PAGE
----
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There’s something about taking 30 elementary students to the computer lab that can be utterly terrifying. Logging in, getting everyone to the right websites, and finding programs that are easy-to-understand, even for non-readers, seems like an almost insurmountable task. However, it can be done! With a few tips and tricks and some easy-to-use, free programs, you can be well on your way to an enjoyable time in the lab. Here’s how.
There’s nothing worse than getting to the computer lab only to find the program you want to use is blocked. Keep in mind sometimes students cannot access everything teachers can. Log in as a student in the specific computer lab you will use to make sure students will have access to the program.
Springing a surprise computer lab visit on young students is sure to cause chaos. You’ll have kids screaming and shouting like they just won a truckload of cupcakes. They’ll be trying to decide who to sit next to and squealing about what games they’ll play.
At least the week before, let students know that you’ll be taking them to the computer lab to learn. Tell students about the program you’ll be using and how it relates to what they’re doing in the art room. If you’re taking them to the lab as a reward or for an “art party,” be sure to explain that there will be a list of art-related programs from which to choose.
If you will be assigning seats, tell them now. Having expectations up front will save you loads of trouble down the road.
Be proactive about how your students should behave in the computer lab. Go over any special rules such as using quiet voices and leaving water bottles behind. It’s likely your students have been to the lab before, so ask them to tell you what the rules are as a way of reviewing.
If you have a projector or interactive whiteboard, show the students what they will be doing in the lab. Make sure you tell students if they will be able to save their projects or not. If students are unable to save their projects, frame the time as a fun session practicing new skills. Going through everything upfront will allow you to get away with just a quick review on computer lab day.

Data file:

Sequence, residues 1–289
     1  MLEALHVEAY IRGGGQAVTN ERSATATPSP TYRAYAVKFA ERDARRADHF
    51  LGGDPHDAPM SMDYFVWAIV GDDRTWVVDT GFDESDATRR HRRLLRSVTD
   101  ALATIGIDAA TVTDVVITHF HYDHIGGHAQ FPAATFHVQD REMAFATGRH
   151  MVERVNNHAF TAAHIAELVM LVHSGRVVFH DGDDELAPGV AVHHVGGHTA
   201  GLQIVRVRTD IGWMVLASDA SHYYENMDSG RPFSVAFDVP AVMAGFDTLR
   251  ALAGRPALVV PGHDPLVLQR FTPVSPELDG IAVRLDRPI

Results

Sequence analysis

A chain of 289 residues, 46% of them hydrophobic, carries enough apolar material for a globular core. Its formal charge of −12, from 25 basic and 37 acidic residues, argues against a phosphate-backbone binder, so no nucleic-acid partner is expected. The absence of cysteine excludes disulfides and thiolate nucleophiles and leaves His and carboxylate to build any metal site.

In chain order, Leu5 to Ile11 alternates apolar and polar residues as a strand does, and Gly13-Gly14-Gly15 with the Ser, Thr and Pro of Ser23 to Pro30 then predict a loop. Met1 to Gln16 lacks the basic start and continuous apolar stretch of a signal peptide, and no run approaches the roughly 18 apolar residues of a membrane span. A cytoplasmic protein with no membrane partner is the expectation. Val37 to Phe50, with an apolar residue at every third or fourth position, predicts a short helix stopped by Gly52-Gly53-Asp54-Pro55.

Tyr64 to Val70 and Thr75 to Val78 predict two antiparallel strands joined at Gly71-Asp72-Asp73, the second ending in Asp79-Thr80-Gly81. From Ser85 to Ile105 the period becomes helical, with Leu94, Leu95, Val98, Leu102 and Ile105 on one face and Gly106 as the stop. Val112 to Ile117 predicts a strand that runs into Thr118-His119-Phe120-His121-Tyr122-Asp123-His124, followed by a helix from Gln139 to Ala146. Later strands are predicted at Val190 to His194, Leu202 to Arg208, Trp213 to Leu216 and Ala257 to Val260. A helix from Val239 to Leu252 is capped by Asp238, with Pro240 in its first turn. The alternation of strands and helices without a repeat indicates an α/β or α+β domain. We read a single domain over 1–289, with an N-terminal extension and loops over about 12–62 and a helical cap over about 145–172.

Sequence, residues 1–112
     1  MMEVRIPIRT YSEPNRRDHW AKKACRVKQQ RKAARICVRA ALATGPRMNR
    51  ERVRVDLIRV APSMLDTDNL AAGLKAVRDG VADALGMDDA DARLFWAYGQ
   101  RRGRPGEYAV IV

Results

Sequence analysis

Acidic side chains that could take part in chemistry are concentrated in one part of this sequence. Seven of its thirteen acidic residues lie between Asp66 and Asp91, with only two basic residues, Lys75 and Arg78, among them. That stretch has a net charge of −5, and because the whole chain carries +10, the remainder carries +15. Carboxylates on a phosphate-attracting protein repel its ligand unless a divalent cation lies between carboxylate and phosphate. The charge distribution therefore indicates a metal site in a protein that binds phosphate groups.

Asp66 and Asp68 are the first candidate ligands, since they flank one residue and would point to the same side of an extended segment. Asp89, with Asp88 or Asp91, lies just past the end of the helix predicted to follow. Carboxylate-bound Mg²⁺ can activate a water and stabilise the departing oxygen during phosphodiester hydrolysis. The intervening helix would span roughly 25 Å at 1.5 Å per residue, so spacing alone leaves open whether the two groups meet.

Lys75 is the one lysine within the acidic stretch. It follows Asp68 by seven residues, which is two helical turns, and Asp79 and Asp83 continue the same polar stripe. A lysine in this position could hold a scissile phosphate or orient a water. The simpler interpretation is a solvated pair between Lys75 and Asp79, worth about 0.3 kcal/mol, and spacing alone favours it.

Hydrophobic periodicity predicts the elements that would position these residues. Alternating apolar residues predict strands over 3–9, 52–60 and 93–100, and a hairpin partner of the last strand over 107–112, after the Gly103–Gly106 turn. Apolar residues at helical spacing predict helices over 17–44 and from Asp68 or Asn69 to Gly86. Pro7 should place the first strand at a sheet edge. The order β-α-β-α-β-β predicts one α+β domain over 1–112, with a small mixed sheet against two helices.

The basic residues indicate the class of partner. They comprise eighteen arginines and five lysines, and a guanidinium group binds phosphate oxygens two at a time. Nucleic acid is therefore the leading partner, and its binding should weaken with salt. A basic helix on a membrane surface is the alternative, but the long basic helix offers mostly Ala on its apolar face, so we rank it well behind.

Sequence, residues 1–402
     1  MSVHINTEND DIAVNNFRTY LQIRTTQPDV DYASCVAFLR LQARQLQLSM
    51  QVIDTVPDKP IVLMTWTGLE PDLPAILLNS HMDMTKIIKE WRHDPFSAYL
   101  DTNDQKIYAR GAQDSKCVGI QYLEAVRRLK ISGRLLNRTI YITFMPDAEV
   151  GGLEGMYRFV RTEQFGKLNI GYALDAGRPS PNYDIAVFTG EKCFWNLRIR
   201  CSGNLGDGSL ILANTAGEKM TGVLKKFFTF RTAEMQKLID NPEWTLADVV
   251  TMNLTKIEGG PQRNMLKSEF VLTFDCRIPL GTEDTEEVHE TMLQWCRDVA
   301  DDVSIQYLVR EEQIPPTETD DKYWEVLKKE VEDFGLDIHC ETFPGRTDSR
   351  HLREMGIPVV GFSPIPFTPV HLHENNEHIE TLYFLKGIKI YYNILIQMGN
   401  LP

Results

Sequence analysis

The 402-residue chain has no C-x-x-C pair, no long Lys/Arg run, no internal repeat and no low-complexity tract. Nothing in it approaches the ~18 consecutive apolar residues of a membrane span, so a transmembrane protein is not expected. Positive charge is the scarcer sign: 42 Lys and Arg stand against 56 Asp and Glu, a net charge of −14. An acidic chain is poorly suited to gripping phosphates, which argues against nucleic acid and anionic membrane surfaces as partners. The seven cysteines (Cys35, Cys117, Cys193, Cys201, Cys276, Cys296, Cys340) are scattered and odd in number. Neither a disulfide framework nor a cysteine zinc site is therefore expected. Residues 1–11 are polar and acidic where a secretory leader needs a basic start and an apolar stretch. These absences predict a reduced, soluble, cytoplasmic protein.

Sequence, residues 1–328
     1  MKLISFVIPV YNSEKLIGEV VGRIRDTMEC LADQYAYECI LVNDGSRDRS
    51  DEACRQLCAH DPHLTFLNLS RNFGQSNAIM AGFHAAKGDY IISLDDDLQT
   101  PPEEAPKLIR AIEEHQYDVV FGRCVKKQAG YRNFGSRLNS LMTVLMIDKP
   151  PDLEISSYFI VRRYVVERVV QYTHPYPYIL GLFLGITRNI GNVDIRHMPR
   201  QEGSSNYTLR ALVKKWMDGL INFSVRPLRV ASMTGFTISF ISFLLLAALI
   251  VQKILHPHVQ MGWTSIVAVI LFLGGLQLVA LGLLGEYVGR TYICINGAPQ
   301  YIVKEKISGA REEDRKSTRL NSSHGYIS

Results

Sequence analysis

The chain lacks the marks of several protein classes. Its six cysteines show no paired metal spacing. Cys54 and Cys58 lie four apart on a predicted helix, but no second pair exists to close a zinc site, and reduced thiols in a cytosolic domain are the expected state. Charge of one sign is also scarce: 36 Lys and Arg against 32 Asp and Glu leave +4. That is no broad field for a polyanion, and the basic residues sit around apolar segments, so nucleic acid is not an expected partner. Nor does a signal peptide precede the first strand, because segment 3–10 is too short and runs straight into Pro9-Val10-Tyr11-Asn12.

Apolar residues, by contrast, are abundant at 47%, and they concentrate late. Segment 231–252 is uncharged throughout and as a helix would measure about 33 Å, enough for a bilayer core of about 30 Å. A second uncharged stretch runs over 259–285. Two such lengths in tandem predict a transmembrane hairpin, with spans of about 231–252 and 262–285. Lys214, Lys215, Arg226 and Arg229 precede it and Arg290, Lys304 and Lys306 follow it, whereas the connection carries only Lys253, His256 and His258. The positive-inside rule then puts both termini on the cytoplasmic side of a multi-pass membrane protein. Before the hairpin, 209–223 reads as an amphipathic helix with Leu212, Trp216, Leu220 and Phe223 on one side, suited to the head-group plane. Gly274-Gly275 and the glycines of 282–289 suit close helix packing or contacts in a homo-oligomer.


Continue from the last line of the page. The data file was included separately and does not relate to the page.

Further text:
Ask your tech specialist or library media specialist for some help in setting up the lab. They may be able to log students in, create a shortcut for the program you’re using, or even stay in the lab as an extra set of hands. It never hurts to ask!
On lab day, start with students in the art room. Briefly, review the program you’ll be using before lining up to go. Giving directions in the art room allows students to get right to work once they are in the lab. If you’re looking for some programs to try, check out the suggestions below.
Crayola has put together a fun way to introduce students to creating digital art–Crayola Digi-Color! Young students will have fun learning to switch between different tools and adjusting the size and colors of those tools. This is perfect for very young students as the options are engaging but limited.
Toy Theater has many different art-related activities, but one of the best is the stop-motion animation tool. This simple program allows students to see how stop motion films are made. Students drag images around the screen while “taking photos.” Then, they can press the play button to see their film in action. This would be a great activity to do before getting out real cameras and supplies in your art room.
The Getty Museum has an interactive section just for kids. There, you’ll find two fun choices to help students hone their observation skills.
In Detail Detective, students must find the part of the painting that matches the whole.
In Switch, students must find what is different between the two photos.
These activities would be fun to try before a lesson on observational drawing.
The National Gallery of Art has put together an amazing list of computer programs for kids. Have students explore the art of arranging a still life, play around with digital collage materials, try their hand at digital photo editing, and more!
Bomomo is a fun little program that is sure to delight your students. Students choose from different “brushes” which they can drag around the screen using the mouse. Each brush varies in color and size while moving, creating beautiful, abstract designs.
Picasso Head is a fun way to introduce students to the concept of a cubist portrait. It’s also a nice way to introduce students to creating digital art as they can drag, drop, re-size, and rotate images. This program would be fun to use at the beginning or end of a lesson about Picasso, or even as a way to loosen students up before drawing more traditional portraits.
If you are having students save or print their work, make sure you have figured out a system so you know whose piece belongs to whom. Some programs allow students to add their names while others don’t. You may have to get creative! Remember to leave plenty of time for tasks like logging out and lining up. You may want to ask the classroom teacher to pick up the students right from the lab so you don’t have to spend time walking back to the art room. Finally, make sure the lab is exactly as you found so it will be ready for the next group of students.
Hopefully, with these tips under your belt, taking elementary students to the lab won’t seem like such a chore!
What are your tips for taking younger students to the computer lab?
Are there any other programs you would add to the list?
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